By Cansu Dikme
Approaching Taipei by air, you can sense the vividness in the city from the colorful lines of lights circling Taiwan’s capital.
Yellow in general are the lights you see through the window of the plane descending towards its destination.
Defying the common, Taipei winks at its guests through lights in blue, red, green -- and yellow, of course -- hinting at the hues of the city in its various corners.
A mandatory reminder here: The colors of the city are not limited to bright city lights, the various tones of the green covering the local parks, or flowers decorating the temples across the city.
The night markets, for instance, offer a feast of traditional snacks -- bursting with seafood of all kinds, taking advantage of Taiwan being an island.
If you crave oyster, you can tame your appetite with a seafood omelet. Or you can opt for a side of deep-fried oyster.
Grilled octopus is yet another choice. If you are still peckish, you can fill your takoyaki ball-shaped snack with octopus.
Squid, shellfish, sea urchins and many others are included in the wide array of quintessential Taiwanese seafood offered at the night markets.
You can get almost anything barbecued -- from chicken to cow, beef, pork, and tofu, testing the bounds of your culinary imagination.
Taiwan ice -- sweet or salty foods on ice, your choice -- and bubble tea -- milked tea with tapioca balls in it -- are must-try traditional foods and drinks.
Games and shops
Adults may have a hard time resisting the arcade games sprinkled among the shops.
The stalls along the streets of the markets sometimes display souvenirs, but when you take a few steps, they shift from clothes to objects of personal adornment.
The colors of the city show themselves off best in the temples. Mostly in bright red, they are ornamented with details in their structures. There is little need to mention how colorful and resplendent they are in their paintings, depictions, and statues.
Taipei is such a harmonized city that it can present a mixture of two faiths -- Buddhism and Taoism -- in a small garden of the Longshan Temple in the Wanhua district.
Besides being a sacred space, the temple is also a tourist destination. So it is quite normal to observe worshippers praying to their gods with incense sticks in hand, while tourists are discovering the richness of the folk art while perusing the tables full of colorful flowers and foods.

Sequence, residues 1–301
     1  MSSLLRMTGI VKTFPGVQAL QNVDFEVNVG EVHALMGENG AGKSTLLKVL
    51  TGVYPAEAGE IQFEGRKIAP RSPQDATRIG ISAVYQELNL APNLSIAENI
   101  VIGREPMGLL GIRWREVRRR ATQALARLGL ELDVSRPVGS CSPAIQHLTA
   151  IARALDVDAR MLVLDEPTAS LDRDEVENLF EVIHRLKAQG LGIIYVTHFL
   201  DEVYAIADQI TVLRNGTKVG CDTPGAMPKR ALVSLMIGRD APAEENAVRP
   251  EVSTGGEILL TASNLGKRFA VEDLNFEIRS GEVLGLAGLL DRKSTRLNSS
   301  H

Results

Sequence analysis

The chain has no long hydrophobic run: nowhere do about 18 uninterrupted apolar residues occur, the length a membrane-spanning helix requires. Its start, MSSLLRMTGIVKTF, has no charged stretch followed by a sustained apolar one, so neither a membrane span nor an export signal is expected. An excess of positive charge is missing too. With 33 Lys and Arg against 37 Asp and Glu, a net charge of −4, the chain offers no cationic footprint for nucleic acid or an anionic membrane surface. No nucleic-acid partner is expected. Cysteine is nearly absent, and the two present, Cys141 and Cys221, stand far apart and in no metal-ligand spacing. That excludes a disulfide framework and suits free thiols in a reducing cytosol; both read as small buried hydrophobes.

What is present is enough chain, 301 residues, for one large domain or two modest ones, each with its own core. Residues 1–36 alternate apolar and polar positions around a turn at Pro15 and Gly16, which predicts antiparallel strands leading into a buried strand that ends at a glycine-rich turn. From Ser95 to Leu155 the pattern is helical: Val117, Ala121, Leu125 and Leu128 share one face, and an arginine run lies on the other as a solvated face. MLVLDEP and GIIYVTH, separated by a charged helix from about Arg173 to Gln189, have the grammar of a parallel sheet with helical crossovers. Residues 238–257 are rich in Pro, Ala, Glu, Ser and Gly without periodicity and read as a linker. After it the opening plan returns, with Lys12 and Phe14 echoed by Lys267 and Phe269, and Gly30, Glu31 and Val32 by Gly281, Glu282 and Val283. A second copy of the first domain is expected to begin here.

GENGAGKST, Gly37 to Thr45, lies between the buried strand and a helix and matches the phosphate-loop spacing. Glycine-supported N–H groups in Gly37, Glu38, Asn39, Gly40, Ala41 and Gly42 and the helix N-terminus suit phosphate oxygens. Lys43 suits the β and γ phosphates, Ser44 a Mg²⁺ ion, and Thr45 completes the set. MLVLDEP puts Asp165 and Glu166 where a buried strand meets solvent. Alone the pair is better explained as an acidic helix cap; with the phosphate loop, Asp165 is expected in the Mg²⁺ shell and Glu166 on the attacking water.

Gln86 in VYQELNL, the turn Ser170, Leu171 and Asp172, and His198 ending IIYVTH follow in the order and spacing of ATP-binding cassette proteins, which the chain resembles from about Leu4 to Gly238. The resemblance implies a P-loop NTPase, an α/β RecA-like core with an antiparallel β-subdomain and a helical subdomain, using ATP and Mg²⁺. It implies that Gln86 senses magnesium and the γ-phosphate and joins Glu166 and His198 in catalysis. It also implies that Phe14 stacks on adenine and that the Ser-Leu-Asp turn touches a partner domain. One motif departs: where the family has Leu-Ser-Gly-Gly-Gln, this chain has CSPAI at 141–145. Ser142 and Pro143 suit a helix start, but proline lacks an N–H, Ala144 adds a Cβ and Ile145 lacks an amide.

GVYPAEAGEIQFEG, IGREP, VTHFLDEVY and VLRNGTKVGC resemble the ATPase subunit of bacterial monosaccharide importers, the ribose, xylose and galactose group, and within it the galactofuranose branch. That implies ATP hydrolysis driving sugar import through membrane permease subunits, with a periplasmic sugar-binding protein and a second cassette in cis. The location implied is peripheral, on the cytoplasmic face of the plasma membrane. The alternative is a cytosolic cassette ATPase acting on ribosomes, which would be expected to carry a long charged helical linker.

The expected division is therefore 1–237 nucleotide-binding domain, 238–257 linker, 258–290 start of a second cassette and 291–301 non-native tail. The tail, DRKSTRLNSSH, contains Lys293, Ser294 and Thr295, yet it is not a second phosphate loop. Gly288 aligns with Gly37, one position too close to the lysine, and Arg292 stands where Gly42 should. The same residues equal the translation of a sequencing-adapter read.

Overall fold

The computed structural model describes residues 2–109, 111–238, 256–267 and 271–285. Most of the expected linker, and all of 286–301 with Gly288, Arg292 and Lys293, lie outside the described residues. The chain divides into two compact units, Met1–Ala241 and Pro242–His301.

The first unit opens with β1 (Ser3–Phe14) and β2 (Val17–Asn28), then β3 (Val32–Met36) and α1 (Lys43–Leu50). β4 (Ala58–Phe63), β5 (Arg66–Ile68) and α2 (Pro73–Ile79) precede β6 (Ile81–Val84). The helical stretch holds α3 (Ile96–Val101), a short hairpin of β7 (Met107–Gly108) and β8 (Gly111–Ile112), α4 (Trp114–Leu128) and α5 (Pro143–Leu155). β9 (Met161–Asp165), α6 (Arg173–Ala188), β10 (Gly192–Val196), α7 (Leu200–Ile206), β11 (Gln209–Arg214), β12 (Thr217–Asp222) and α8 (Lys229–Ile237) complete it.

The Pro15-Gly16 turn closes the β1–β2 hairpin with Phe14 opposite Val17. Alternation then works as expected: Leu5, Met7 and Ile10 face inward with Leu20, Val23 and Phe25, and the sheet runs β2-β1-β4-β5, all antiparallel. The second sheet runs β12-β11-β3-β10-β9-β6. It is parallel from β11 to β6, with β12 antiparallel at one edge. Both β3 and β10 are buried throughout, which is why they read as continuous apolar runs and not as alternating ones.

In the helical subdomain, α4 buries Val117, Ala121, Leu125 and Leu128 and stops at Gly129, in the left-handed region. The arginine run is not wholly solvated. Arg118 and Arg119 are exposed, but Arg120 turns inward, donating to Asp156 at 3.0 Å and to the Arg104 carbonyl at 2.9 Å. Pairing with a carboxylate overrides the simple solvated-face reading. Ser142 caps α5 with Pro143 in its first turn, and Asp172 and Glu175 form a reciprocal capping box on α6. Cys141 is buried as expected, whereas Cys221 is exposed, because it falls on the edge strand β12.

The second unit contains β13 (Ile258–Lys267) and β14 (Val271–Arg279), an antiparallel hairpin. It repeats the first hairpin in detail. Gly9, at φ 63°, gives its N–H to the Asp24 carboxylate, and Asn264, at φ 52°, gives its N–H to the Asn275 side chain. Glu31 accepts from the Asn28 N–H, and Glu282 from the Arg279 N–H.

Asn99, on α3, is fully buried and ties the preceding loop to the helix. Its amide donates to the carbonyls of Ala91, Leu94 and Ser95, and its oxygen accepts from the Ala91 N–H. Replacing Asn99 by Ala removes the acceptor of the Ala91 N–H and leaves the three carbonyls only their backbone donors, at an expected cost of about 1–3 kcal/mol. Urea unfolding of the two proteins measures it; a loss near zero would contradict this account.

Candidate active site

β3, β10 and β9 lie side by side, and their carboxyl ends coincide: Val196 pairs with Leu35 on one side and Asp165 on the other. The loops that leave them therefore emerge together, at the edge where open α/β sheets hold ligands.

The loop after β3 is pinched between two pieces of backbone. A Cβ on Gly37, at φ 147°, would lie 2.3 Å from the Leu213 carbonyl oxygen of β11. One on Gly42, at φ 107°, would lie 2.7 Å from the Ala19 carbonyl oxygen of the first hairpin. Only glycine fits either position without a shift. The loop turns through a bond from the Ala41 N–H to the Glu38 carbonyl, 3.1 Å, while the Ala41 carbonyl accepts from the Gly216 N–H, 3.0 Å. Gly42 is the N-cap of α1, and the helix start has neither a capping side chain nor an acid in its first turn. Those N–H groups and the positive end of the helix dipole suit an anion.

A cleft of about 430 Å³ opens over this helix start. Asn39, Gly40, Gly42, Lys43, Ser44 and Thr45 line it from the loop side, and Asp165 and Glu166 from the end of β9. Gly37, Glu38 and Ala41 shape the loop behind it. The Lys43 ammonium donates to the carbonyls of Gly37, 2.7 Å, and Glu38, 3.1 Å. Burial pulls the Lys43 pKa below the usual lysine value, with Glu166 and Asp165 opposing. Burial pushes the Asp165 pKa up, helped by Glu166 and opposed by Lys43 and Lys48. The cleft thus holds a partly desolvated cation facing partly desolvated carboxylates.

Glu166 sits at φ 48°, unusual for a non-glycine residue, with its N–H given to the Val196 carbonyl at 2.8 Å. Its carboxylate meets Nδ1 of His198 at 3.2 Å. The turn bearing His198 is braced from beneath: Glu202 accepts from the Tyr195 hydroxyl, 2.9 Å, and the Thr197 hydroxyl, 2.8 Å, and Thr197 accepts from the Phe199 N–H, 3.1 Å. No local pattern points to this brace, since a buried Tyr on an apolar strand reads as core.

Turn your head towards the traffic of the city, and here too you can see harmony. The omnipresent electronic scooters among the cars don’t trouble other drivers. The scooters usually stick to their own devoted lanes and given priority by cars while waiting at red lights.
Taipei is a modern city. Busy shopping streets, contemporary buildings and well-maintained green areas are its colors. While Fashion Street -- enlightened by bright shop windows -- offers shopping in wide range of stores, from Gucci to Channel and Dolce&Gabbana, the city constantly plays host to international fairs in various areas, including technology, the economy, culture, and literature.
Towering some 380 meters above the ground, Taipei 101 -- one of the world’s three tallest buildings -- lets you take in a panorama of the whole city. To get there there’s no need to trudge up stairs, as you can reach the observation level in just 37 seconds using the building’s Guinness Record-breaking elevators, which zips up and down at over 1,000 meters a minute.
Technology is another component of Taipei’s modernity. Taiwan is one of the world’s leading producers of information and communication technology products.
Under the auspices of the Ministry of Science and Technology, Taiwan fosters research and technology in three science parks: Hsinchu Science Park, Southern Taiwan Science Park, and Central Taiwan Science Park.
Among President Tsai Ing-Wen’s seven industrial programs, green energy industry is based on sustainability-oriented, eco-friendly technology.
Without deep-diving into Taiwan’s tech policies, you can see the greenery covering the well-maintained city. Roadside planting makes its mark on the urban landscape. The tall, grass-green trees not only separate the direction of traffic flow, but also decorate museum gardens -- most notably Chiang Kai-Shek Memorial Hall -- coloring with various flowers.
If you’re lucky enough to see Taiwan’s National Day Ceremony, it sums up perfectly the colors of Taipei. The parade of toys in full bright colors also reflects the diversity of the city. While some represent people from various occupations, the groups representing Taiwan’s indigenous people in various costumes and traditional dances reflect the characteristics of Taiwan at its best.
And don’t be fooled by the rather pale and dull exterior of the president’s residence! Inside it is festooned with bright colors and magnificent orchids.Anadolu Agency website contains only a portion of the news stories offered to subscribers in the AA News Broadcasting System (HAS), and in summarized form. Please contact us for subscription options.